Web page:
- December 2008: West Bromwich Building Society subsidiary White Label Loans closes its doors to new business just fourteen months after launching and completing £60,000,000 of secured loans.
- August 2009: The Finance & Leasing Association (FLA) reports that secured loan lending has fallen 84% since 2008.
- October 2010: MP George Justice drafts Secured Lending Reform Bill.
- December 2010: The Finance & Leasing Association (FLA) reveal secured loan lending sank to £16m.
- October 2011: Whiteaway Laidlaw Bank combine with Commercial First and Link Loans to create new lender, Shawbrook Bank.
- February 2012: Specialist lender Equifinance enters the market.
- May 2012: Secured Lending Reform Bill fails to pass through Parliament.
- July 2012: UK's first Secured Loan Index is launched by secured loan broker, Loans Warehouse, and reveals secured lending in the UK reached £150m in the first half of 2012.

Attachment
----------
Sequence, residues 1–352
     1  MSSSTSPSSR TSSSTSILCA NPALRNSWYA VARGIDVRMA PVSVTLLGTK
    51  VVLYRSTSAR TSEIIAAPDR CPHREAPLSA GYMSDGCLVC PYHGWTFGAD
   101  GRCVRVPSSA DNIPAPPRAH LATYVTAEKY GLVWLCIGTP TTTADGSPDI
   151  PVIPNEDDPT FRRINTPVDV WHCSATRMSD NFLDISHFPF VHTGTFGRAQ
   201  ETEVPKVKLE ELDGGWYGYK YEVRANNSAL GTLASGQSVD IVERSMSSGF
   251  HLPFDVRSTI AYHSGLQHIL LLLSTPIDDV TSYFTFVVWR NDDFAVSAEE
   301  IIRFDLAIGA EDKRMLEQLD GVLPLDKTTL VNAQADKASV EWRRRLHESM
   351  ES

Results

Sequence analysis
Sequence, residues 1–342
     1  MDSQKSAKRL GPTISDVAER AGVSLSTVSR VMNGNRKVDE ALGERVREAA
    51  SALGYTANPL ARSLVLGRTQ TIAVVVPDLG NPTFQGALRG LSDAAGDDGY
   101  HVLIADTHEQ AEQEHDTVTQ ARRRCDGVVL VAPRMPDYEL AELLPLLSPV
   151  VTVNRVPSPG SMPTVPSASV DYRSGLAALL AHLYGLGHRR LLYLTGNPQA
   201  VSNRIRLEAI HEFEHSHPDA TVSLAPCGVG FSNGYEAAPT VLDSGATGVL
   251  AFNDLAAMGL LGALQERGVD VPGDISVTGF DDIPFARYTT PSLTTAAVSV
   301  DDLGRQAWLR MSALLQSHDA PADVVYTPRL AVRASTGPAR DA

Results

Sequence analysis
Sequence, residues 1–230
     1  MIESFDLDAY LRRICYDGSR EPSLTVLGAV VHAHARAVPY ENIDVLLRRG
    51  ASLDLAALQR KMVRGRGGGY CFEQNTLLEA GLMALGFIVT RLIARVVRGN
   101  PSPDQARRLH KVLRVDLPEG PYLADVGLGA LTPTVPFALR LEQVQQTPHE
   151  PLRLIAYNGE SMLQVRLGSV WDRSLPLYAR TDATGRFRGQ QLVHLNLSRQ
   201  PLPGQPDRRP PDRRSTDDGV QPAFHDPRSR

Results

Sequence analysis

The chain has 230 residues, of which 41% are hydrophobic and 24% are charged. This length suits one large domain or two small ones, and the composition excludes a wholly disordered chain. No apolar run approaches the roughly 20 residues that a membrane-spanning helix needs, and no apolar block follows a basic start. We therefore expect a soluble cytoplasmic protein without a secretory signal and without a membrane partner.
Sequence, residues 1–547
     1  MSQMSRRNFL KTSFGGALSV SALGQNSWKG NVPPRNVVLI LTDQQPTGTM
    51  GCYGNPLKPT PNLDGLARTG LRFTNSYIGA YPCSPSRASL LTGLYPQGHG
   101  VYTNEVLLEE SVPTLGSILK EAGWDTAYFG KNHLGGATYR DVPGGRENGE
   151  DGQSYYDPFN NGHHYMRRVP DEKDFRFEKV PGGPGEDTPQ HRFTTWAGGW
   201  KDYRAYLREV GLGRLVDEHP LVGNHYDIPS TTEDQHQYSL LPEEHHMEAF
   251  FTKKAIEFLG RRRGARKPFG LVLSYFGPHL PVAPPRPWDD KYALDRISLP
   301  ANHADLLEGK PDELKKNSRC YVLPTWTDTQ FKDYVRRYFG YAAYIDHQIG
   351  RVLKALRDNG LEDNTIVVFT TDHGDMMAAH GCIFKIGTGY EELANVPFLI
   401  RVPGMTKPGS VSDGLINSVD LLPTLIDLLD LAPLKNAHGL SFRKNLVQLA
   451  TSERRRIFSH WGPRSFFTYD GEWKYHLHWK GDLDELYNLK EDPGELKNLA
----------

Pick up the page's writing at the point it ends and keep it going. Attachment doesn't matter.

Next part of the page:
- September 2012: Secured loan lending is now worth £350,000,000.
- December 2012: Secured Loan lender Nemo Personal Finance launches the secured loan market's lowest ever interest rates of 5.592% per annum for employed applicants and 6.54% per annum for self-employed applicants.
- February 2013: Shawbrook Bank launches a secured loan product that allows loans up to 95% of property value.
- 1 April 2014: the Financial Conduct Authority took over formal regulation of the consumer credit market which included secured loans. Previous to this, secured loans fell under the remit of the Office of Fair Trading and firms issuing and brokering secured loans required no authorisation from the FCA. The FCA's involvement dramatically changed the secured loan landscape by putting into place more protection for the consumer.